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  • Scott Carter Cooper


Nearly three years ago I began reading things about a Leonard Bernstein biopic, possibly to be produced by and star Jake Gyllenhaal.  For reasons that passeth understanding, as I was in no way a fan of his work, being musically illiterate, the idea intrigued me.  On one of my meanders through Amazon I ordered a couple of biographies on Bernstein and began an undirected quest through the biographies of many of the major cultural figures of the mid-twentieth century.  Following the Berstein era, I read about Jerome Robbins.  I read everything written about Arthur Laurents, and the several volumes of rebuttal that Laurents penned at the end of his life.  The on to Gore Vidal, Neil Simon, Lillian Hellman…

It's been a whole thing. The information on Bernstein further also prompted an exploration of classical music that got me through the Covid lockdown and after several years of exploration, I can say with complete confidence that I know absolutely nothing about classical music.  I appreciate a lot of it and am sometimes moved by it.  But I’m in no way educated.

As the Bernstein biopic made its way through the wilds of Hollywood, Jake was unable to secure the rights to the story, losing out to Bradley Cooper.  Bradley Cooper’s body of work fascinates me.  As a collection, it is best described as earnest and self-conscious.  Based on my reading, in many ways Cooper is an excellent choice to bring Bernstein to life on screen.  There seem to be similarities between the two men.


I’ve been waiting for this movie. 

And tonight, I saw it.

Thank God I’d read the biographies.  As I watched the movie, I wondered if anyone who hadn’t would ever be able to understand what was going on. I've ready two Bernstein biographies, and another dozen in which Bernstein figures prominently in major sections, and I could still barely make heads or tails on what was going on.

Stylistically, it’s an exquisite film to watch.  Every shot is painstakingly composed and flawlessly executed.  The performances, including Cooper’s, are riveting.  Carey Mulligan (who Cooper gives top billing) is sure to win every acting nomination available in the Norther Hemisphere. The film drips with Oscar potential.  Begs for your consideration. Thirsts for it, as the kids used to say. As a film with Leonard Bernstein as the subject, the structure is appropriately unexpected if not entirely fresh.  Effortless it certainly is not, despite the feeling of many of the scenes being improvised with trivial, if not banal dialogue.  Mise en scene over narrative is the dominant order of the day for the first two thirds of the film.  The third act is not only scripted, it's downright baroque in its heady discussions of ART! that grind the pace from glacial to almost inert.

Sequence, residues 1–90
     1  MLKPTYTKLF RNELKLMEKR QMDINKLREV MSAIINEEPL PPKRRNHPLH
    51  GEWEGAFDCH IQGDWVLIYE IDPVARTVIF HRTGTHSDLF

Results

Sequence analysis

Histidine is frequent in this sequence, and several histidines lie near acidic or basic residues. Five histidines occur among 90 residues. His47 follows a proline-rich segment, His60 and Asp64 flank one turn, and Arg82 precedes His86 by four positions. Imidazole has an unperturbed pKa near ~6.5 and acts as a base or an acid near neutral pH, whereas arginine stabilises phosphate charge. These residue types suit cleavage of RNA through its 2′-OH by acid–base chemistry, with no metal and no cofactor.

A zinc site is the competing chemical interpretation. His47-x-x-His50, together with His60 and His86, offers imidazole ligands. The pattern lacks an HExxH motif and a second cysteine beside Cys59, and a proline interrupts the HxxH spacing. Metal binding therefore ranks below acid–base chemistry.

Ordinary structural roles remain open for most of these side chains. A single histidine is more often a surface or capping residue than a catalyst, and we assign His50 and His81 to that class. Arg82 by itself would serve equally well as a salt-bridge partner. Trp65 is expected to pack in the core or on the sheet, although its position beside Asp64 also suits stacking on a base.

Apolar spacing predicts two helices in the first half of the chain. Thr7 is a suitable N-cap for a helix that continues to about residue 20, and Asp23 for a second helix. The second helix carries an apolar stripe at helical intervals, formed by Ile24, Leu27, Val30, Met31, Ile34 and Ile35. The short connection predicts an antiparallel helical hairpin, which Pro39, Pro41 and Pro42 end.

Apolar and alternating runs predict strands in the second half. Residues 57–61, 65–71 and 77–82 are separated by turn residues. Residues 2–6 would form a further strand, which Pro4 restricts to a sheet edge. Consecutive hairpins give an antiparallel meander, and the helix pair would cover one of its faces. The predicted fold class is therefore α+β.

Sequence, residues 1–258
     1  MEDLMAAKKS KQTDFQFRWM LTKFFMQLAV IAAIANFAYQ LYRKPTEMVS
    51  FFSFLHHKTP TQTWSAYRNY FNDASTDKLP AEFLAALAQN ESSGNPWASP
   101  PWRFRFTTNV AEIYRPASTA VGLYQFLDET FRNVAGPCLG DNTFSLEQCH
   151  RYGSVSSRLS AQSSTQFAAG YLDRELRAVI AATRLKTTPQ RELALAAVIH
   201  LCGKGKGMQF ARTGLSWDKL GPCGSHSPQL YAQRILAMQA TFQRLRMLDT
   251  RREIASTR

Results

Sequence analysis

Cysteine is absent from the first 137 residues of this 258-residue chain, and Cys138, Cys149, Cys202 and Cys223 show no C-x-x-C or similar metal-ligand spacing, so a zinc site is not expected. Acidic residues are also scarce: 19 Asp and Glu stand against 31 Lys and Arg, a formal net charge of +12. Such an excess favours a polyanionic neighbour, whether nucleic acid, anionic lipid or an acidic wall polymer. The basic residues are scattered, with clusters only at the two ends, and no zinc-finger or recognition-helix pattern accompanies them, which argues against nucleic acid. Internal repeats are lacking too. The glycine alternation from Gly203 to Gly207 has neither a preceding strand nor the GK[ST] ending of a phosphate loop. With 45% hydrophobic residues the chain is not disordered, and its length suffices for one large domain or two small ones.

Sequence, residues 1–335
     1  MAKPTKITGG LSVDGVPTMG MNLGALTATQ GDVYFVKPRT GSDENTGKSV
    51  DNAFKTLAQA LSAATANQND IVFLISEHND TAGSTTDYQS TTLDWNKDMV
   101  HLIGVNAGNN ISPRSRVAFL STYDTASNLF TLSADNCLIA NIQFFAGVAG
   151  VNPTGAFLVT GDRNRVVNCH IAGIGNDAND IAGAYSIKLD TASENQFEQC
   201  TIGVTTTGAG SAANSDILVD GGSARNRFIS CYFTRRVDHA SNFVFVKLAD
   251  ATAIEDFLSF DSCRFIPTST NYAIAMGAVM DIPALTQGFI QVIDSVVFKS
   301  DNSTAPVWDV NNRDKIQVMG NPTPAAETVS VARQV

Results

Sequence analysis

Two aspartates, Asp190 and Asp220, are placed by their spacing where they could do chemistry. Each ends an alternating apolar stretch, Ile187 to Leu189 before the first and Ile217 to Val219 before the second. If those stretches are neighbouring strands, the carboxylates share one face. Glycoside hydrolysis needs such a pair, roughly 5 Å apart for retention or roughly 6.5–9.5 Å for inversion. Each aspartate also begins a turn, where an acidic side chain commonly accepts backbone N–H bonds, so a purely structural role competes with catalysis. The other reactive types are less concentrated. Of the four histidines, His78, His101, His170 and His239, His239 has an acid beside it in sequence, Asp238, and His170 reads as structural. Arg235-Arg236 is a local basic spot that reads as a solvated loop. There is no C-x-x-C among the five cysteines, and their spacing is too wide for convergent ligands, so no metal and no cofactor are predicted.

The focus is on Berstein’s relationship with his wife, barely acknowledging the magnitude of Bernstein’s talent and accomplishments.  He single handedly brought classical music to the middle classes, much in the way Top Chef turned America into a tribe of foodies. For someone with at least a passing knowledge of Bernstein’s work, this is a satisfying approach.  But beyond West Side Story (if even that) how much does the movie-going public of today know about Leonard Bernstein?  Without knowledge of his cultural significance, we’re left with the story of a complicated man and the woman who loves him. No matter how stylized the work, the first order of business for such a story is to give the audience something to care about.  We have to be rooting for someone or something. The disjointed style – true to the style of Bernstein’s composition – doesn’t really create a compelling story for an audience not familiar with Bernstein’s genius.  We'll accept a lot of pretentions if we don't feel like we're being patronized. It’s as if Cooper is trying so hard not to deliver a Hallmark biopic, that he forgets a movie must first be entertaining.

As Bernstein, Cooper delivers a well-crafted, if somewhat uneven performance.  The voice work is inconsistent, with a dialect drifting in and out.  However, the physicality of the performance is flawless.  Sadly, the key ingredient that would have made this film work is the innate charm Leonard Bernstein had.  He was legendary for charming everyone he met.  Not everyone ended up loving him, but nearly everyone started out that way. Cooper tries, but he comes across as cold.  Leonard Bernstein in life was not cold.  Leonard Bernstein in the script takes every opportunity to tell us how much he loves people.  Almost nobody says they love the Leonard Bernstein on the screen. Cooper gives us no reason to.

Having said all that, I will be taking a second – and possibly a third – look at the film.  There are many virtues in a Bradley Cooper film.  For me, chief among them is the opportunity to learn something.  That’s why I’m a Bradley Cooper fan.  I get something new out of every viewing.

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